Mission: Impossible III Review
You may have to excuse me. From time to time when confronted with a summer blockbuster that actually delivers on its promises, I can be prone to lose my critical objectivity, get swept away with the bright lights and the loud noises and start handing out ratings that maybe in the cold light of day the films don’t quite deserve, War of the Worlds being a prime example. I hope that doesn’t prove to be the case with M:I3 because, on first impressions, it’s a belter.
We begin near the end, with a pre-credits sequence that finds Cruise’s Ethan Hunt strapped to a chair with a bomb up his nose. He’s the captive of Owen Davian (Hoffman), an international arms dealer who wants something called the “Rabbit’s Foot” and is prepared to kill Hunt’s new wife Julia (Monaghan) if he doesn’t deliver it.
Back we go to find out how we got to this point, and a quiet but expositionally efficient party scene where Ethan is meeting Julia’s family for the first time – everyone, including Julia, thinks he analyses traffic jams for a living instead of training spys. But his IMF handler (Crudup) wants him back in the field to rescue an agent who’s been kidnapped in Germany and, with his team in tow (Rhames, Meyers, Q) they begin their globetrotting mission to bring down Davian using all the gadgets and expertise at their disposal – standing in their way the fact that Julia can now be exploited as Ethan’s weak point, not to mention a possible mole at IMF.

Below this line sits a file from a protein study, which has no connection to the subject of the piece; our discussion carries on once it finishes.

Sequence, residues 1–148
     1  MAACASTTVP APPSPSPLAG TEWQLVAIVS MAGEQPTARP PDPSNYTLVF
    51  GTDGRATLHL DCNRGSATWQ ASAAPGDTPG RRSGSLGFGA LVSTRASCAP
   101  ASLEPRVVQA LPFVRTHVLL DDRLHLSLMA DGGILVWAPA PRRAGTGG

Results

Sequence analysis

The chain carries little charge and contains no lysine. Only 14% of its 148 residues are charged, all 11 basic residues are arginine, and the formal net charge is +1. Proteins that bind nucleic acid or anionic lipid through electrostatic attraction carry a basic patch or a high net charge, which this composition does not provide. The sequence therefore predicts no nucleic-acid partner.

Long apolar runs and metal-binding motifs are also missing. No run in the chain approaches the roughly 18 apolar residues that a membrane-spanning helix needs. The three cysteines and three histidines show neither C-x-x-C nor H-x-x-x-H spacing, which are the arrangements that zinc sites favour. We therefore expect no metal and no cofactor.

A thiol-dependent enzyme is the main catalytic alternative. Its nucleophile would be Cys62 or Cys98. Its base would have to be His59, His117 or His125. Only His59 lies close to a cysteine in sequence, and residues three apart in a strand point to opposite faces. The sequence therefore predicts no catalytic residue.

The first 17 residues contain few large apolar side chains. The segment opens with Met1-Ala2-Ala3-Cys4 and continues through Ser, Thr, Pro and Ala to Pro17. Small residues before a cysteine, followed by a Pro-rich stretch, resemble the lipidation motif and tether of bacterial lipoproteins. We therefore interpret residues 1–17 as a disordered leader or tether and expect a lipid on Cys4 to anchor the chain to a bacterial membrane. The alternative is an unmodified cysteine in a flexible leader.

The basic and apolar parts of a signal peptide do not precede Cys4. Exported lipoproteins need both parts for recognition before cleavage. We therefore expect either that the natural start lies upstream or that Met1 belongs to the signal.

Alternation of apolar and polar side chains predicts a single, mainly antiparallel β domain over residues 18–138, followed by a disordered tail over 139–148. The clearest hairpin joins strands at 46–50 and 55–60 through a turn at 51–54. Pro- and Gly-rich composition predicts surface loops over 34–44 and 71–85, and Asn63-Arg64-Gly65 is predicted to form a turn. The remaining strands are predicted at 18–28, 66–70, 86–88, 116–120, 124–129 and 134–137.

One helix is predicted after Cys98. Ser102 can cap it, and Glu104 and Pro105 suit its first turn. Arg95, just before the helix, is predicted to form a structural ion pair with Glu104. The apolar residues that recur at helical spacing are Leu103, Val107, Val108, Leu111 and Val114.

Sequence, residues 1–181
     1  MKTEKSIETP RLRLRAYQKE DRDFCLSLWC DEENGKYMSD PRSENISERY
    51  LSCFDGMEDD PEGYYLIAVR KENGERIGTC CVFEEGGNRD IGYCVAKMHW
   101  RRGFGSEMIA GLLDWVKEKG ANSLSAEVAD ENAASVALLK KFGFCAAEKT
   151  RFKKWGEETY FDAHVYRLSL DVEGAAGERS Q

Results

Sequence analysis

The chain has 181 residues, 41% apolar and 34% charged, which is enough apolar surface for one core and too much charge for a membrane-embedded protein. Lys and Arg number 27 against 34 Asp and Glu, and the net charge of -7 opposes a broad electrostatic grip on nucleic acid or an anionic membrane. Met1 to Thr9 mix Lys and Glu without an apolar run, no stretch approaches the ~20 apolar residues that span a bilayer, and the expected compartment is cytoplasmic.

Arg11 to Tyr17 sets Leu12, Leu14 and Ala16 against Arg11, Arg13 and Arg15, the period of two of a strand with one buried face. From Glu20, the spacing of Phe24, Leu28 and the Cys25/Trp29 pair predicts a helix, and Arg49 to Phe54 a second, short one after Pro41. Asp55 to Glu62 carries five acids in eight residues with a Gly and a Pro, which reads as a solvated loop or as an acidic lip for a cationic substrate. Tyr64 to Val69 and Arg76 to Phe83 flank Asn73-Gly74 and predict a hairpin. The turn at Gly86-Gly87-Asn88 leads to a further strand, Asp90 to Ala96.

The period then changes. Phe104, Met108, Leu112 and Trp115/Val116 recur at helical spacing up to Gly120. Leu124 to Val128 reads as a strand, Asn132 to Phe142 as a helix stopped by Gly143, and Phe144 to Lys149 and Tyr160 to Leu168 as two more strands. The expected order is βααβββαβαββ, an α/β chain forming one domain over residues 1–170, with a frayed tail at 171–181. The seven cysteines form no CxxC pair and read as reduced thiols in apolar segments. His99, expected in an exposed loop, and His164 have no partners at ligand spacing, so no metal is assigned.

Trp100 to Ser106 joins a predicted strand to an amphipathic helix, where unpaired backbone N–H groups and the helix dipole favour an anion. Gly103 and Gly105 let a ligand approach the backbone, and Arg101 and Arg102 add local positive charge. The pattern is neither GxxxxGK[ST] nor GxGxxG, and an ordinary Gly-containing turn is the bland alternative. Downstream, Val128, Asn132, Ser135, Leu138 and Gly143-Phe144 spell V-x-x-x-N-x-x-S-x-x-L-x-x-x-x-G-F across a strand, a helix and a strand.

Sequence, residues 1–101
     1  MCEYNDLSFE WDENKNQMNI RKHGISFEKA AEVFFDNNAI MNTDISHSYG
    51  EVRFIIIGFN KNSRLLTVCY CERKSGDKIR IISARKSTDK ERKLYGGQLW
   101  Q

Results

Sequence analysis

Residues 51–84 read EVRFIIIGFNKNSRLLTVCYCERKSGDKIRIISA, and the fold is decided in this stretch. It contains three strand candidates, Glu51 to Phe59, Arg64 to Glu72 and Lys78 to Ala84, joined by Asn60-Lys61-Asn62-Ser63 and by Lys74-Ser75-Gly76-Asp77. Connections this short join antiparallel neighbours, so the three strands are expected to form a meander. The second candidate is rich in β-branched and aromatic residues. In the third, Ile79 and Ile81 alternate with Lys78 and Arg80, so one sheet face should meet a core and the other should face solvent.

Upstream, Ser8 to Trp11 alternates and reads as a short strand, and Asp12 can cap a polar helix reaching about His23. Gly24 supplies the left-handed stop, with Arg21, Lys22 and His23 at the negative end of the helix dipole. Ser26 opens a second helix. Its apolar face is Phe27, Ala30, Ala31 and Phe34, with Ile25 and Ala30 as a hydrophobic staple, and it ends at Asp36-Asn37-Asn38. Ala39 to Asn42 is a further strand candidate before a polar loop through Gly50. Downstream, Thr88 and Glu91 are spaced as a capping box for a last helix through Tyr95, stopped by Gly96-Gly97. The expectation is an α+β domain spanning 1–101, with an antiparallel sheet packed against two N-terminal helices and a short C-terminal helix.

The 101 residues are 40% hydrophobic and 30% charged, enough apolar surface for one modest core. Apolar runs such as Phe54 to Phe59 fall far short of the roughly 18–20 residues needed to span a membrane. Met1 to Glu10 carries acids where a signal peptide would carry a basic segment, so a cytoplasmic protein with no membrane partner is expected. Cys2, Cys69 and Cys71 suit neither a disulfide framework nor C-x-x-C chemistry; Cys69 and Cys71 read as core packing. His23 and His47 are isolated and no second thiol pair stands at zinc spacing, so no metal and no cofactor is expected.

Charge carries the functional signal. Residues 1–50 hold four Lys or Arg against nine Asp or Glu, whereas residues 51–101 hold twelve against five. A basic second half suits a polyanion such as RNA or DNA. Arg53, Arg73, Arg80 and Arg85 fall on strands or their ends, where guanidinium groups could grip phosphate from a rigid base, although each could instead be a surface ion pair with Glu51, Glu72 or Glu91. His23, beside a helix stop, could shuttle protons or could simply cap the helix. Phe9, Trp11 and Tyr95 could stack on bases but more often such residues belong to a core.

The two vital components in the overwhelming success of M:I3 are unquestionably Cruise and director J.J. Abrams. Most of the cast are good, a vicious and merciless Hoffman especially, and a comical Simon Pegg. But, as star, Cruise combines exceptional physicality with a committed and gripping performance. And, as producer, he had the good sense to bring on board a director who has proved himself the master of his art on television and has made the transition to the big screen with apparent ease and no little style.
Abrams completely reinvents and revitalises the franchise, building on the good things from De Palma’s original film (tension, intrigue, wit) and leaving John Woo’s shamefully narcissistic and overblown M:I2 to shuffle its feet in embarrassment. Once the setup is out of the way, the film barely pauses for breath for the next 100 minutes, delivering one absurdly exciting set piece after another – a mesmerisingly inventive infiltration of the Vatican, a causeway set firefight that manages to trump True Lies and a breathless extended chase on the streets and rooftops of Shanghai – every one combining astonishing stunt-work with carefully utilised, unobtrusive CGI to deliver action the likes of which may never have been seen before.
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